Zebras are truly majestic beasts. Their beautiful white and black coats and societal relationships make these creatures fascinating to behold. Moreover, that they can only be naturally found in selected world regions also contributes to their elegance.
Several tourists visit national parks every year to see glamorous animals like zebras. This trend has made people develop an interest in the nutritional habits of these white-and-black creatures. As such, the question “what do zebras eat?” is a common topic for discussion among lovers of these animals.
This article extensively treats zebras’ nutrition mode and nutritional habits. Additionally, we’ll provide a brief outline of the hoofed beasts to foster a better understanding of them.
A Quick Outline of Zebras: What Are Zebras?
Zebras are equines native to Africa, with a characteristic white-and-black striped coat. They’re among the only three living groups of equines, the others being horses and asses. Although they are closely related, zebras and asses are distinct from horses in that they have chestnut callosities—a projection on the body of an equine—only on their front legs.
Regardless, zebras are among the most recognizable mammals on the planet. Their distinctive black-and-white stripe coat is the reason for this disposition.
Fun fact — Do you know that zebras were historically called hippotigris (horse tigers)? Their resemblance to horses and possession of stripes like tigers were responsible for this inclination.
Another remarkable reality about zebras’ stripes is their unique patterns. Every zebra has a distinct stripe pattern, just like in tigers.
Still, there’s no universally accepted function of a zebra’s stripes. The most plausible explanation or theory is that they serve the purpose of warding off biting flies.
Zebras also possess barrel-chested bodies, long faces and necks, erect manes, and tufted tails. Additionally, they have elongated slender legs which end in an individual spade-shaped toe concealed in a tough hoof.
In terms of their evolution, zebras are suggested to have diverged from asses 2.8 million years ago and entered Africa 2.3 million years ago. Though more zebra species existed in the past, there are currently only three living species. These extant species include:
- Grévy’s zebra (Equus grevyi)
- Plains zebra (Equus quagga)
- Mountain zebra (Equus zebra)
Two out of the three species of zebras are considered vulnerable or endangered. Human activities are primarily responsible for these occurrences.
Presently, many zebras live in protected habitats. And unlike their relatives (horses and donkeys), zebras have never been truly domesticated.
Regarding these truths, a study of zebras’ nutrition mode and nutritional habits may provide insight into how to cater to them in protected environments.
Habitats of Zebras: What Do Zebras Eat?
Surveying the habitats of zebras is a vital step in appreciating what they eat. These black-and-white striped equines inhabit Africa’s eastern and southern parts. Here, they occupy a wide range of habitats, including grasslands, savannahs, woodlands, shrublands, and mountainous areas.
Zebras may migrate or seek areas with higher water levels or favorable foraging conditions. Still, the extent of this tendency varies from one species to another.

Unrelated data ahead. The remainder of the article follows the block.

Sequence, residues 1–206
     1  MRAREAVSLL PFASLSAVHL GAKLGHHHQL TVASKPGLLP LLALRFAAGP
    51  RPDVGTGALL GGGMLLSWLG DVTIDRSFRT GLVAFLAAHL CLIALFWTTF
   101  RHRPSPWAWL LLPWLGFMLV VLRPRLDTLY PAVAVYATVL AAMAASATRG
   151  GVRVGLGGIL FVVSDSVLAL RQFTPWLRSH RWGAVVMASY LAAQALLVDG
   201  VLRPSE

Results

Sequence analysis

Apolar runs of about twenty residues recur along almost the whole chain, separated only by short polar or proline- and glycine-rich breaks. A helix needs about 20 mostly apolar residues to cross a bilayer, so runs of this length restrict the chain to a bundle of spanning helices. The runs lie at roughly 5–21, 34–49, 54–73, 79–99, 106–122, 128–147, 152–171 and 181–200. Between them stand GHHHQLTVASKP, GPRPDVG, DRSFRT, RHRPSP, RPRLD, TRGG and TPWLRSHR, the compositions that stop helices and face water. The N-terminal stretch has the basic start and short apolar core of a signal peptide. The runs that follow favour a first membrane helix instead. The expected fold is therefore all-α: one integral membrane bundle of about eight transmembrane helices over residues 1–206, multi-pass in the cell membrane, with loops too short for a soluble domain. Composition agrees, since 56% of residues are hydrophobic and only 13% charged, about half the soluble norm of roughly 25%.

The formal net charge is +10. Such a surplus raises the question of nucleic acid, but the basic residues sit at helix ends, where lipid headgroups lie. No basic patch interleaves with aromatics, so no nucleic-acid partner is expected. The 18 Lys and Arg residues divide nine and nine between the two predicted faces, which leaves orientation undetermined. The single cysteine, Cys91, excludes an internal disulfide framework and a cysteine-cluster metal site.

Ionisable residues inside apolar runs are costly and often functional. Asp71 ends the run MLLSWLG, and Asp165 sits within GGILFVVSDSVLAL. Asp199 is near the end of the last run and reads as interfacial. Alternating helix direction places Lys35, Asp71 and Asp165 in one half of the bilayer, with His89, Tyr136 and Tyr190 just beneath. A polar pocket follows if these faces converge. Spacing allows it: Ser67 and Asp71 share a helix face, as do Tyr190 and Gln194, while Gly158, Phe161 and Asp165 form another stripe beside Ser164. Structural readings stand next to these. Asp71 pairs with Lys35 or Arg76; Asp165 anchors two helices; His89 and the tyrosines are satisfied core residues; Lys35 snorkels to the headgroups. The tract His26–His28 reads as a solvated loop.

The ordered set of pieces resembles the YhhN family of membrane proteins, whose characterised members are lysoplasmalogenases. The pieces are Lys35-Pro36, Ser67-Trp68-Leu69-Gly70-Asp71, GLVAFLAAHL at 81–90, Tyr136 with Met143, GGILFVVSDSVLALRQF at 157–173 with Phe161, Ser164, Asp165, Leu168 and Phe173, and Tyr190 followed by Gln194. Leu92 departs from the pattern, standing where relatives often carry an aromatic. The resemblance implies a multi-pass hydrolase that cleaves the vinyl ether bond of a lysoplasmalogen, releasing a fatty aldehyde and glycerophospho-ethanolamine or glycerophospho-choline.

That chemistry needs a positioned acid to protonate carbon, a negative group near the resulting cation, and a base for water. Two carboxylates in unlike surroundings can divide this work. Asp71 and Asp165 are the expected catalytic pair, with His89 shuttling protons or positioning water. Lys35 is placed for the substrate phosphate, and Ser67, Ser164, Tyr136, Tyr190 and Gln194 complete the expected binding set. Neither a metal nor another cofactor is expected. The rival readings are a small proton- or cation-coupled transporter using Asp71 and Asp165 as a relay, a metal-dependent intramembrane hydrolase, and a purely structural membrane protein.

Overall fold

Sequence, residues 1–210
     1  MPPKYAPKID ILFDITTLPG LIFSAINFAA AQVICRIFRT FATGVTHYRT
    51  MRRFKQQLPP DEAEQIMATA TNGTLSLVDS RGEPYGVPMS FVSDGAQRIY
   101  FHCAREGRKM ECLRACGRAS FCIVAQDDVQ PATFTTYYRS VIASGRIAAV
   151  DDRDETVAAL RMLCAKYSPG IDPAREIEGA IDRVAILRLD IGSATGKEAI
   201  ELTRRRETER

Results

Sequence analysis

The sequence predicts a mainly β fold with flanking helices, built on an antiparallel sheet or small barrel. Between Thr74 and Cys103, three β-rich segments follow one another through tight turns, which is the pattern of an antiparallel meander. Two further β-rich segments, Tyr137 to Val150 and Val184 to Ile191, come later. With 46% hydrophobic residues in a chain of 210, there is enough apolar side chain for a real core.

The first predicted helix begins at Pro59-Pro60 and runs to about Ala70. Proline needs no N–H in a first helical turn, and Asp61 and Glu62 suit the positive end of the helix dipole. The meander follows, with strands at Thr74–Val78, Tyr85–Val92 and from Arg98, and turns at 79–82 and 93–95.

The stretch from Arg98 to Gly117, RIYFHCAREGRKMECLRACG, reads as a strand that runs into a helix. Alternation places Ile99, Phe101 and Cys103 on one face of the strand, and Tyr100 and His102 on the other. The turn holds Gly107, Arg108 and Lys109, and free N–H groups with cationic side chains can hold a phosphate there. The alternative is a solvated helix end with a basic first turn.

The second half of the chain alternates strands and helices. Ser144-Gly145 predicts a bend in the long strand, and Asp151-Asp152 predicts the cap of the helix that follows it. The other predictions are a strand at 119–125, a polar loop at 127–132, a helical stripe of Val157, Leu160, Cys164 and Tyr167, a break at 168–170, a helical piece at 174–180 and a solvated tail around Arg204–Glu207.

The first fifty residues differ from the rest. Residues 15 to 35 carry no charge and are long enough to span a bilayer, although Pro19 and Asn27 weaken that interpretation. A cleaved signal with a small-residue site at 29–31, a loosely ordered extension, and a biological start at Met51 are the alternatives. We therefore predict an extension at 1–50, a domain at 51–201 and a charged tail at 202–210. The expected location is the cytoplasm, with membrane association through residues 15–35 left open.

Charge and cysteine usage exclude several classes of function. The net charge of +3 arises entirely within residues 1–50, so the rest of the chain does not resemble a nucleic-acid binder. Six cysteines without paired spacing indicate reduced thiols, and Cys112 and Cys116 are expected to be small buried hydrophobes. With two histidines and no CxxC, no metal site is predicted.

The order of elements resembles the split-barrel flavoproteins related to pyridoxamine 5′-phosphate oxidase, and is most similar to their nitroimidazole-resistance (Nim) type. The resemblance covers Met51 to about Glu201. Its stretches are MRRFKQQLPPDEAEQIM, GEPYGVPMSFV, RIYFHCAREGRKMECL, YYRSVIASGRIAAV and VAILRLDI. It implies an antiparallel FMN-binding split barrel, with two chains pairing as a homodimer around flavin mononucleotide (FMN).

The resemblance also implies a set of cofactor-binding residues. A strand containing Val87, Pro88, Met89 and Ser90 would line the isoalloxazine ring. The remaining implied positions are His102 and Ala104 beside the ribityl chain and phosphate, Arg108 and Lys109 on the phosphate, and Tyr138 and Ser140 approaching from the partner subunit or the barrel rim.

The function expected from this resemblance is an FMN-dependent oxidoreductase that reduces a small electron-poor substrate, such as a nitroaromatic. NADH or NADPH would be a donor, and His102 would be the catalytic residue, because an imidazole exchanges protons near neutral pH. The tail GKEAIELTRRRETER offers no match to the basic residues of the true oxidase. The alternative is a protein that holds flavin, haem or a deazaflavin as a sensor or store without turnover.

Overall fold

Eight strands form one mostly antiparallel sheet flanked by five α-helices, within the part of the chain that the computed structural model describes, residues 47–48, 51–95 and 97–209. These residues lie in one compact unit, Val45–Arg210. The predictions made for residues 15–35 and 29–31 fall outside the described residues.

Plains zebras, the most water-dependent species, live in more mesic environments and have been observed traveling 500 kilometers from Namibia to Botswana. This journey constitutes the most lengthy land migration among mammals in Africa.
On the other hand, Grévy’s zebras are more drought-tolerant and can stay without water for close to one week.
Finally, mountain zebras typically dwell in mountainous areas and can be seen at elevations of up to 6,600 feet (2,000 meters).
Nutrition of Zebras
Zebras are non-ruminant herbivores. They predominantly eat sedges and grasses. However, they may alternatively feed on barks, leaves, fruits, buds, and roots, especially if their preferred foods are unavailable.
Do zebras eat meat when there are no grasses around? No, zebra’s don’t eat meat as they lack adequate dentition.
Though it’s understood that zebras eat grass, we’d be dealing with the nutrition of the extant zebra species separately.
1. Nutrition of Grévy’s Zebras (Equus grevyi)
The Grévy’s zebra is a tall endangered species with large and narrow ears. It’s named after the past French President, Jules Grévy. This zebra species lives singly or in loose herds in Kenya and Ethiopia in terms of its distribution.
More particularly, Grévy’s zebras dwell in Acacia-Commiphora bushlands and barren plains. They chiefly depend on grasses and legumes for nutrition. Alternatively, they frequently browse when grasses are not abundant.
Do these zebras eat acacia trees? Yes, Grévy’s zebras consume the leaves from acacia trees.
These unique herbivores possess a hindgut fermentation digestive system that enables them to survive on diets of lower nutritional value than that generally vital for ruminant herbivores. Additionally, as previously stated, Grevy’s zebras can go without water for up to a week. Yet, they will drink water daily when it’s in a generous quantity.
2. Nutrition of Plains Zebras (Equus quagga)
Plains zebras are the most populated and widely dispersed species. Hence, they’re also called “common zebras.” They’re of intermediate size between the larger Grévy’s zebras and more miniature mountain zebras.